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Day 48: March 19, 2024

Ming Pao: Jimmy Lai Trial | Andy Li claims to have paid nearly HK$1.5 million in advance for advertising fees to Nikkei; Nikkei once sent the invoice to Agnes Chow (16:58)

Next Digital founder Jimmy Lai and three related companies of Apple Daily are charged with “conspiracy to collude with foreign forces.” The trial entered its 48th day today. The fourth accomplice witness, Andy Li, testified for the fifth day.

Ming Pao live coverage of the trial

【16:15】 Court adjourned.

【15:50】 The prosecution continued to point out that the “G Fight for Freedom, Stand with Hong Kong Crowdfunding” campaign had a remaining fund of about US$690,000 in May 2020. Li stated that the funds were used not only for newspaper advertisements but also for activities supporting freedom and democracy in Hong Kong around the world. The prosecution continued to present records of other advertising expenses, including €26,000 to France’s Le Monde, US$28,000 to The New York Times (International Edition), AU$40,000 to The Australian, HK$330,000 to Taiwan’s Liberty Times, €14,000 to Finland’s Helsingin Sanomat, and DKK 54,000 to Denmark’s Berlingske.

【15:28】 For the advertisement “Stand with Hong Kong until dawn” published in Canada’s The Globe and Mail, Andy Li personally paid CAD 130,000 through his bank account. The prosecution read part of the advertisement, which mentioned ways readers could support them, including asking the Canadian government to apply political pressure on the Hong Kong and Chinese governments, such as sanctions and banning weapon exports. Li stated that the theme of the advertisement was to support freedom and democracy in Hong Kong, but the text and design of the advertisement were handled by other members of the team, whom he did not know.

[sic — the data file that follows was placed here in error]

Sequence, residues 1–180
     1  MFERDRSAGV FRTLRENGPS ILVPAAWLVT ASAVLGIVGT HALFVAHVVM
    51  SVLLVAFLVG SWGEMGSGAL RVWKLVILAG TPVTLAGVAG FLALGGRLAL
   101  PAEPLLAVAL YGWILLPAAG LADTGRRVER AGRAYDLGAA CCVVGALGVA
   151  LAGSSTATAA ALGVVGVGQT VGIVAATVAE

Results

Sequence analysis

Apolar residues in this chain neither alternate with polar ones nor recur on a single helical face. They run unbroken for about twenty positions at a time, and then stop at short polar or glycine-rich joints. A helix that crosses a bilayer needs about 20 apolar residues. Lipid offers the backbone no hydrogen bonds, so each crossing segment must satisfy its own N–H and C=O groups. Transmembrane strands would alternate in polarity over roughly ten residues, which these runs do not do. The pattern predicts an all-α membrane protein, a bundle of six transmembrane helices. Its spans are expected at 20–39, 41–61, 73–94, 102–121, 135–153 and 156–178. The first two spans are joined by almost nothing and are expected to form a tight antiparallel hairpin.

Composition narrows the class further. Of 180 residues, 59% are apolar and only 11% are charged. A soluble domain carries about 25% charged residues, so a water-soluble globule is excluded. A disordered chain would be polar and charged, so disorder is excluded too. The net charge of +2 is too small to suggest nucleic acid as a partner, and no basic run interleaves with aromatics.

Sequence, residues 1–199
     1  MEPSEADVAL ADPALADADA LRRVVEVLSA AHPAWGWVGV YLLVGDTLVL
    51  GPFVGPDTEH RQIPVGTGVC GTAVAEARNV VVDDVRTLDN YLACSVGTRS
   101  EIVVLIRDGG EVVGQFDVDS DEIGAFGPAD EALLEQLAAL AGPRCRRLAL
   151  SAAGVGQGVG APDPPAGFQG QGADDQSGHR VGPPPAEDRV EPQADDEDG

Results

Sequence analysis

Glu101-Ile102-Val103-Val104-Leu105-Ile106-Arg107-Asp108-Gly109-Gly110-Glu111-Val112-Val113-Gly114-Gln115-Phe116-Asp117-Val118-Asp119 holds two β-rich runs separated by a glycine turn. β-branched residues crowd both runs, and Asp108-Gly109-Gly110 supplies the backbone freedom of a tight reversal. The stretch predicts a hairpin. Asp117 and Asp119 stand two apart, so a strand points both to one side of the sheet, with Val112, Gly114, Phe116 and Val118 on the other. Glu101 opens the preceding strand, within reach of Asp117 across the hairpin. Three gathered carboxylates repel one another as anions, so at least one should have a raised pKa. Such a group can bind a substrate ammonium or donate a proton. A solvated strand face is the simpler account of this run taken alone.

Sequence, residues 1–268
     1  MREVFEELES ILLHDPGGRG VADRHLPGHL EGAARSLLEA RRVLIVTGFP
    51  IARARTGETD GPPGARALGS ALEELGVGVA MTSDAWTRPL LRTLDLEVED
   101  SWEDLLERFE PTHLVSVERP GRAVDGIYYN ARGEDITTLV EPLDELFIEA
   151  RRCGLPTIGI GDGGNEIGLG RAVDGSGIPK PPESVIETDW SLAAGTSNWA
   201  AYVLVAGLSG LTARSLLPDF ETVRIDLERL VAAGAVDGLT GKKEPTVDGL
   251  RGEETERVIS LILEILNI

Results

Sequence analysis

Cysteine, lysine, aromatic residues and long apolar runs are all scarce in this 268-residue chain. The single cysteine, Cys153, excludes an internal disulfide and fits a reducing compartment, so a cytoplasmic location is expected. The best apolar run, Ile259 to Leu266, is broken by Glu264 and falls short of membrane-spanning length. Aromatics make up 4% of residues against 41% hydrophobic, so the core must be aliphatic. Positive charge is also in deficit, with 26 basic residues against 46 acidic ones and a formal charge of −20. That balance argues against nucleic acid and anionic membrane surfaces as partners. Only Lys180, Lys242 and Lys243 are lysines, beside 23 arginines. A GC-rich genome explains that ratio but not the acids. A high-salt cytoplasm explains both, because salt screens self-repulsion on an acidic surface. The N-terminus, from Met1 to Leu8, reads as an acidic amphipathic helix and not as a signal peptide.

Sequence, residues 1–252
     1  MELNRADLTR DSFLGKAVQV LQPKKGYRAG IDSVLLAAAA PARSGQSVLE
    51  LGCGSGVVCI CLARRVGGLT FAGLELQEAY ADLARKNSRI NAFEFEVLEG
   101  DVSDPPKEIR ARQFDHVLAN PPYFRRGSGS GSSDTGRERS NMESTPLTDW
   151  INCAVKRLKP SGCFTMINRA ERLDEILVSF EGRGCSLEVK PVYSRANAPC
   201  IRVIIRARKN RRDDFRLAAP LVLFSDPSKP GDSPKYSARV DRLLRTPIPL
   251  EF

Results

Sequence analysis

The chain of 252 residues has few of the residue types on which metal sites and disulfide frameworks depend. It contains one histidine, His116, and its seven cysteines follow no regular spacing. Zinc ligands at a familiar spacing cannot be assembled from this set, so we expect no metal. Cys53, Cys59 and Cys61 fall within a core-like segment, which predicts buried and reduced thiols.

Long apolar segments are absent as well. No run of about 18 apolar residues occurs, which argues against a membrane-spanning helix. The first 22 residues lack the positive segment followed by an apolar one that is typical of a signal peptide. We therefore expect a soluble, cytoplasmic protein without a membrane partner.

【14:33】 Court resumed. Andy Li corrected his previous testimony that The Nikkei returned the funds advanced by T, stating that due to the time difference, T’s payment to The Nikkei could not be made before the advertisement was published. Therefore, Li temporarily paid HK$1.47 million to The Nikkei, and after a few days, when The Nikkei confirmed receipt of T’s payment, they refunded Li’s temporary payment.

The prosecution continued to present documents showing that the “G Fight for Freedom, Stand with Hong Kong Crowdfunding” campaign had published 8 advertisements in six British newspapers between August 19 and August 31, 2019, involving a total of about £120,000. According to Andy Li’s income and expenditure statement, this amount was paid by “funder 2,” whom Li stated was someone from “T’s side.”

Another document was a receipt for payment of SEK 164,450, which Li said was for advertising in Swedish newspapers like Dagens Nyheter and was handed to him by T. Similar examples where T handed receipts to Li included a payment of €48,000 to Germany’s Frankfurter Allgemeine Zeitung and KRW 22 million to South Korea’s Kyunghyang Shinmun.

【12:53】 Court adjourned.